Southampton scientists win grant to study infection theory to slowing Alzheimer's

Dr Delphine Boche.

Dr Delphine Boche.

First published in News Daily Echo: Photograph of the Author by , Senior reporter

SOUTHAMPTON scientists have launched a project that could help slow down the devastating effects of Alzheimer’s disease.

A team from the University of Southampton has been awarded more than £300,000 for the three-year scheme, which will investigate a possible link between common infections and the disease.

The research aims to discover whether inflammation caused by illnesses including urinary or chest infections can make Alzheimer’s develop faster.

Southampton scientists believe that while the immune system usually plays a vital role in protecting our bodies from damage, it could do more harm than good to dementia patients.

The team will examine brain tissue donated by people with the condition, looking at the changes in the brains of those who had infections when they died, compared to those who did not.

There are currently more than 2,000 Southampton residents living with the disease.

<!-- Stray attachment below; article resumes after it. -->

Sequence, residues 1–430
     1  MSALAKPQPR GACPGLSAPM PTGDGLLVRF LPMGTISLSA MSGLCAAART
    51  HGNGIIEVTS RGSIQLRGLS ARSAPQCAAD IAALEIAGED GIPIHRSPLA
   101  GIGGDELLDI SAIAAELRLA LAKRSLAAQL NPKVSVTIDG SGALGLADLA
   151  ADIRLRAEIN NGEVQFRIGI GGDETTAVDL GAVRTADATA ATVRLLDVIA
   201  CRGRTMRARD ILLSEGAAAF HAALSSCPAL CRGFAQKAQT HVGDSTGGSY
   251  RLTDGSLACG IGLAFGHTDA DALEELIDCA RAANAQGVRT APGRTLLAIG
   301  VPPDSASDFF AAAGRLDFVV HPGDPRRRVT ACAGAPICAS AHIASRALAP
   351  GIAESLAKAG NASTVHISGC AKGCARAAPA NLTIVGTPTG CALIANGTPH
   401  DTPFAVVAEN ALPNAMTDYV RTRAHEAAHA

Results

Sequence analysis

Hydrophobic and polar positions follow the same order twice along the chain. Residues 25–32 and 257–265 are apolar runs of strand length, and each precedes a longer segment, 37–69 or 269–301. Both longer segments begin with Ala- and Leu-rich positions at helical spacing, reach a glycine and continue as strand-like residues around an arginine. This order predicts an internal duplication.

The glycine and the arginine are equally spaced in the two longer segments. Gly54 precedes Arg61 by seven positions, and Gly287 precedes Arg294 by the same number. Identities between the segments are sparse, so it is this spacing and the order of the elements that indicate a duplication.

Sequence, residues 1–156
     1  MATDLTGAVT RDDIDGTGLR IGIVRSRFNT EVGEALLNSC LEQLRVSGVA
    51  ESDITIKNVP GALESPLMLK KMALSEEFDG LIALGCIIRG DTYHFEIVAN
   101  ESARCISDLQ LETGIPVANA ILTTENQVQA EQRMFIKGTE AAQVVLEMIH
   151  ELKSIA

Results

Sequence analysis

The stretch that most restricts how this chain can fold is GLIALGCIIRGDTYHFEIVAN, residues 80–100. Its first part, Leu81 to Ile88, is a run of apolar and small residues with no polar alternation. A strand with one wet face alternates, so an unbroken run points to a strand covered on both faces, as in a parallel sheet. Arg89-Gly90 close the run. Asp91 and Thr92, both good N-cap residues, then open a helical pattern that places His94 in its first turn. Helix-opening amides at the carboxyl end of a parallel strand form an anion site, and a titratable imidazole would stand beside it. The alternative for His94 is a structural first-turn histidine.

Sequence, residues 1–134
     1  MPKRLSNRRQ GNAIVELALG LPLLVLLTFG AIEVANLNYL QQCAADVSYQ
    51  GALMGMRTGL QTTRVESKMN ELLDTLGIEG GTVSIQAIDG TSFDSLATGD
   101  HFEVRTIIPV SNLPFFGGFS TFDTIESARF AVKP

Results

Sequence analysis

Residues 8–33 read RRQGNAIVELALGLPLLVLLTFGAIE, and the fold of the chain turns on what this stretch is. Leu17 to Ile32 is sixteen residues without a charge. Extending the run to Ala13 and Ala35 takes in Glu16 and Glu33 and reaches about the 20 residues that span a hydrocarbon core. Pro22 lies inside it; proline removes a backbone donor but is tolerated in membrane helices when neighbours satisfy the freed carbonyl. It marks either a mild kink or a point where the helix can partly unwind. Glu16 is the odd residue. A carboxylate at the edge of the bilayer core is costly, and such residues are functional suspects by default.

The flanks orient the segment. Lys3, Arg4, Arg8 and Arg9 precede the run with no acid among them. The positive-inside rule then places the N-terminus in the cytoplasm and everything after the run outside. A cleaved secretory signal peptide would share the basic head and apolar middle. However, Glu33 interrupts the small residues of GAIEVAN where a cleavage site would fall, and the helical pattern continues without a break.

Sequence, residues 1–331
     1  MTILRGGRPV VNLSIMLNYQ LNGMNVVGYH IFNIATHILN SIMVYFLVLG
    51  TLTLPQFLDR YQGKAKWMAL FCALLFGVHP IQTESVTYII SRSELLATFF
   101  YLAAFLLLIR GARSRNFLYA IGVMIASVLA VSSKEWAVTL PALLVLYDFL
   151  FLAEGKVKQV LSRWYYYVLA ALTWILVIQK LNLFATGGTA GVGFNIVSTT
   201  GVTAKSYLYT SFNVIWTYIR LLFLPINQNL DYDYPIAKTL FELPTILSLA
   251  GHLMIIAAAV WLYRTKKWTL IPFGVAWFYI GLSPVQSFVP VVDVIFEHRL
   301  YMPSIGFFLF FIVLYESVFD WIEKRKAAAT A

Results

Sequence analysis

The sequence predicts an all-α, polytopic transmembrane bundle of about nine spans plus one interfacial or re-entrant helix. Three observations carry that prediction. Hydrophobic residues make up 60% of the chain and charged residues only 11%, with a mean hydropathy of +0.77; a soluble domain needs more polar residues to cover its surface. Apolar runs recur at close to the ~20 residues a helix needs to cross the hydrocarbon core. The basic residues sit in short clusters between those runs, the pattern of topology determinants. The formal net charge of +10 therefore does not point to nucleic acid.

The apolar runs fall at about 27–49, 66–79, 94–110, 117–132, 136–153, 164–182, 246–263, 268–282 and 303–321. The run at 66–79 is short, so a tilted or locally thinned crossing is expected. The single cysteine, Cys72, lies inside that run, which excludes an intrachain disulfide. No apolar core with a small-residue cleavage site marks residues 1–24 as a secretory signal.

Dr Delphine Boche, lecturer in clinical neurosciences at the University of Southampton, is leading the study.

She said: “Many of the known risk factors for Alzheimer’s, like age, obesity and diabetes increase inflammation in the brain and we think that infections could be another risk factor.

“There is already evidence that the immune system is on high alert in people with Alzheimer’s and we think that an extra trigger, like an infection, could tip the balance and make immune cells switch from being protective to harmful.

“The findings could have important implications both for our understanding of the disease and for the management of healthcare in the elderly.”

Dr Eric Karran, director of research at Alzheimer’s Research UK, which has sponsored the project, said: “Slowing the progression of Alzheimer’s could have a huge impact on families and allow people more valuable time with their loved ones.

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“Only by understanding the factors that drive the disease, can we develop new and innovative ways to slow it down."

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